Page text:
Amidst the allegations of plagiarism, it’s easy to forget that the most significant problem with Melania Trump’s speech was its failure to make the case to women to vote for Donald Trump.
The latest CNN/ORC poll found that 32% of women hold a favourable view of Mr Trump and that 36% of women would vote for him if the election were held today. Romney won approximately 44% of women voters in 2012.
Let’s be frank. Melania Trump is Donald Trump’s wife. They are raising a child together. No-one is in a better position to humanise the man than she is. No-one is better positioned to give a women’s perspective on why Mr Trump should be the next President than she is.
Indeed, rather than look to Michelle Obama’s 2008 speech for inspiration, Mrs Trump should have looked to Ann Romney’s 2012 address. In that speech, we learnt how she met Mitt Romney. We learnt why she fell in love with him. We learnt about their time living together in a ‘basement apartment.’ But more importantly, Ann Romney made a serious effort to reach out to women voters.
The whole speech, which can be found here, is worth reading again in full.
In it, Ann Romney spoke directly to the experiences and challenges faced by women in America. In one of her best passages, she declared:
“You know what it’s like to work a little harder during the day to earn the respect you deserve at work and then come home to help with that book report which just has to be done.”
Later on in the speech, she notes:
“I’m not sure if men really understand this, but I don’t think there’s a woman in America who really expects her life to be easy. In our own ways, we all know better!”
By taking time in her speech to address women exclusively, Mrs Romney made it clear her speech was an attempt not just to give her perspective on why her husband should be President but to give a women’s perspective on why Mr Romney should be President.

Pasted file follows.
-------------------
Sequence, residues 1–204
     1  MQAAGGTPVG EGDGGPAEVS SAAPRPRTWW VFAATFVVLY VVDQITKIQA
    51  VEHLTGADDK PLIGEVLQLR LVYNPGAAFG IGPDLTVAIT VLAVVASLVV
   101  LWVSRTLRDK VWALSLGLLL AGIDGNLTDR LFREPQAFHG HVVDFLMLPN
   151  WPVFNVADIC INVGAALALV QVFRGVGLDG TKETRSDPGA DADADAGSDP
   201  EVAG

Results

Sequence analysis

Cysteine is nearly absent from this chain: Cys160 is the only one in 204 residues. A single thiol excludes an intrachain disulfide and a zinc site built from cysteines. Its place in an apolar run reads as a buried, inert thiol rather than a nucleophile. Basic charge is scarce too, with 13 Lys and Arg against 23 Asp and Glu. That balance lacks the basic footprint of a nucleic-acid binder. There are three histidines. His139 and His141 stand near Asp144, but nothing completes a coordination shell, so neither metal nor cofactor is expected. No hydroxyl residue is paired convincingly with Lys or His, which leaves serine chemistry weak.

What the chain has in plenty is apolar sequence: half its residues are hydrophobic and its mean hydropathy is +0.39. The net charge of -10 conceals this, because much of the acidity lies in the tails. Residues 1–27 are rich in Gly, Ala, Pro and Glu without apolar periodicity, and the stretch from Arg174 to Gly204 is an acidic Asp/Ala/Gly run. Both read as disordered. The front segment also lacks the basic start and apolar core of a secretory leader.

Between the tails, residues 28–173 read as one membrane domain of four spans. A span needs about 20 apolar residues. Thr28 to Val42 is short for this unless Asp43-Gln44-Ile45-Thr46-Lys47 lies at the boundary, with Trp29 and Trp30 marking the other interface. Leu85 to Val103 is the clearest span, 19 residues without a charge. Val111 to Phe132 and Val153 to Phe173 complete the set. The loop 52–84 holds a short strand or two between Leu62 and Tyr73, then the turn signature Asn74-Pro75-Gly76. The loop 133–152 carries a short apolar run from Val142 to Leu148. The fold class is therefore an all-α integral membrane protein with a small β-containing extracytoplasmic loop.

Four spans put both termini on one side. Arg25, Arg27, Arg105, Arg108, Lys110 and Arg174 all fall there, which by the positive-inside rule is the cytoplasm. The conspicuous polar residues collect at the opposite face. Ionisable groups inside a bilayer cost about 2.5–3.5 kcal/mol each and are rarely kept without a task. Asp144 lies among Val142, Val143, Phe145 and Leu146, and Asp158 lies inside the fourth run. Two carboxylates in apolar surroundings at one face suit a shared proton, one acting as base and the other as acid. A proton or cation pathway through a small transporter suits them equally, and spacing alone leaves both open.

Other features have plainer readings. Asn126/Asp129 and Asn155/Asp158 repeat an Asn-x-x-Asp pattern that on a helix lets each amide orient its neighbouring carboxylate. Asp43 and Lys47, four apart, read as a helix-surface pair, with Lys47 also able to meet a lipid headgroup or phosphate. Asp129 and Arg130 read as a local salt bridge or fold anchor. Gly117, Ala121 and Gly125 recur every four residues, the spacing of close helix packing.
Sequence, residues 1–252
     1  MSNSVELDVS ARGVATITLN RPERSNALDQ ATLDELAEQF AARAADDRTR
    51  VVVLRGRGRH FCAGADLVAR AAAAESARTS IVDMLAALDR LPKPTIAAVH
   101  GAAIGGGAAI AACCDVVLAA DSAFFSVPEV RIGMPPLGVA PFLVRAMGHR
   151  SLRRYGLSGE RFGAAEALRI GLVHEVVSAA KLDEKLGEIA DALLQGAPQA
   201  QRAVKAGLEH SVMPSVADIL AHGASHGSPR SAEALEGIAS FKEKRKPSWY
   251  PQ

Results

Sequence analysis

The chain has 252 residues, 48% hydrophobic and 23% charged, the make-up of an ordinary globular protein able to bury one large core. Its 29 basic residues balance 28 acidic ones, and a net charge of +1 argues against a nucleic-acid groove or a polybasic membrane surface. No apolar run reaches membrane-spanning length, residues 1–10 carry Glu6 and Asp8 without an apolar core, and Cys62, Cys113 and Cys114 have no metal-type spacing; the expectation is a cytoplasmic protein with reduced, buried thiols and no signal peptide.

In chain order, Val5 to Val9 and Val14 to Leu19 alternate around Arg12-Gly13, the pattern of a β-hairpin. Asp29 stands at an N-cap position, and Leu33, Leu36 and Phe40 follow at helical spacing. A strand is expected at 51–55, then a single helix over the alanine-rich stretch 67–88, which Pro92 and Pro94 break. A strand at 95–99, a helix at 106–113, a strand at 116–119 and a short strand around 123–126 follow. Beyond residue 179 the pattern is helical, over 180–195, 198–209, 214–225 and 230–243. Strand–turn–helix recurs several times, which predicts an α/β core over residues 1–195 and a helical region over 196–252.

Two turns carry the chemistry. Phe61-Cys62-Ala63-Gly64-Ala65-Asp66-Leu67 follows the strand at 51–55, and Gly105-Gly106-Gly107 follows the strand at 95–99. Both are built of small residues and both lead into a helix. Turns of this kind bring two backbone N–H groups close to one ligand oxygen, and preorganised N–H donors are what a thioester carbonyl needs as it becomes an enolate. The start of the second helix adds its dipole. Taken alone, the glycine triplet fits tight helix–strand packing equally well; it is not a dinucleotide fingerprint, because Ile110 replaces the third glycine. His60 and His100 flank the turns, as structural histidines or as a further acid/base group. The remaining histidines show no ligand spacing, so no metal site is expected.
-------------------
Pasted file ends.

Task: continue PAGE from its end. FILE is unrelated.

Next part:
Melania Trump’s speech, by contrast, did not seek to do the same. This speech was very much Mrs Trump’s perspective. The following passage makes this clear:
“I can tell you with certainty that my husband has been concerned about our country for as long as I have known him. With all of my heart, I know that he will make a great and lasting difference.”
Melania Trump’s speech was short of humanising anecdotes. It was also short of anecdotes touting Mr. Trump’s successes. Indeed, the most mystifying line in the speech might have been when Melania Trump declared “His achievements speak for themselves.”
No. They don’t. You are there, in part, to give voice to them. That line is a cop out.
Ann Romney, by contrast, outlined the highlights of Mr Romney’s time as Governor of Massachusetts and touched on several more personal moments she had shared with her husband.
Was Ann Romney’s speech successful? Well, Mr Romney didn’t become President. But in CNN/ORC polls taken before and after the 2012 Republican Convention, the proportion of likely voters who believed that Romney was ‘in touch with the problems facing women today’ increased from 31 to 36%.
Melania Trump’s speech was a missed opportunity. Ann Romney’s address shows you why.